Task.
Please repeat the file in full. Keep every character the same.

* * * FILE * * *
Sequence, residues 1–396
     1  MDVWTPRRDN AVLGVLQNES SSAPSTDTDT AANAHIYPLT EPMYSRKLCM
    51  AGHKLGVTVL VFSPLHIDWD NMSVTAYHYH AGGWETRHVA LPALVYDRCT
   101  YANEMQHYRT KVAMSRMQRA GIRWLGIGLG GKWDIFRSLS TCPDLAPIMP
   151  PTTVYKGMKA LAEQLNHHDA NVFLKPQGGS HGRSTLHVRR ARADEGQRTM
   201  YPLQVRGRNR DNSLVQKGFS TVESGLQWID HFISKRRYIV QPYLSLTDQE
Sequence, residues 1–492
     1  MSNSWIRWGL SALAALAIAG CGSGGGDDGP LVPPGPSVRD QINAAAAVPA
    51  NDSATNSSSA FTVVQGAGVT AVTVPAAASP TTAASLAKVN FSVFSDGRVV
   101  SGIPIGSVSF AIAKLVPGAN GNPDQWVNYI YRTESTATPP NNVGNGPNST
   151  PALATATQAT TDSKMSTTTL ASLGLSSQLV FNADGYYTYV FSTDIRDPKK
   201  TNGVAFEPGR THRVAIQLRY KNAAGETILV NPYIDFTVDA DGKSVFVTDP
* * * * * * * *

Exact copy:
Sequence, residues 1–396
     1  MDVWTPRRDN AVLGVLQNES SSAPSTDTDT AANAHIYPLT EPMYSRKLCM
    51  AGHKLGVTVL VFSPLHIDWD NMSVTAYHYH AGGWETRHVA LPALVYDRCT
   101  YANEMQHYRT KVAMSRMQRA GIRWLGIGLG GKWDIFRSLS TCPDLAPIMP
   151  PTTVYKGMKA LAEQLNHHDA NVFLKPQGGS HGRSTLHVRR ARADEGQRTM
   201  YPLQVRGRNR DNSLVQKGFS TVESGLQWID HFISKRRYIV QPYLSLTDQE
Sequence, residues 1–492
     1  MSNSWIRWGL SALAALAIAG CGSGGGDDGP LVPPGPSVRD QINAAAAVPA
    51  NDSATNSSSA FTVVQGAGVT AVTVPAAASP TTAASLAKVN FSVFSDGRVV
   101  SGIPIGSVSF AIAKLVPGAN GNPDQWVNYI YRTESTATPP NNVGNGPNST
   151  PALATATQAT TDSKMSTTTL ASLGLSSQLV FNADGYYTYV FSTDIRDPKK
   201  TNGVAFEPGR THRVAIQLRY KNAAGETILV NPYIDFTVDA DGKSVFVTDP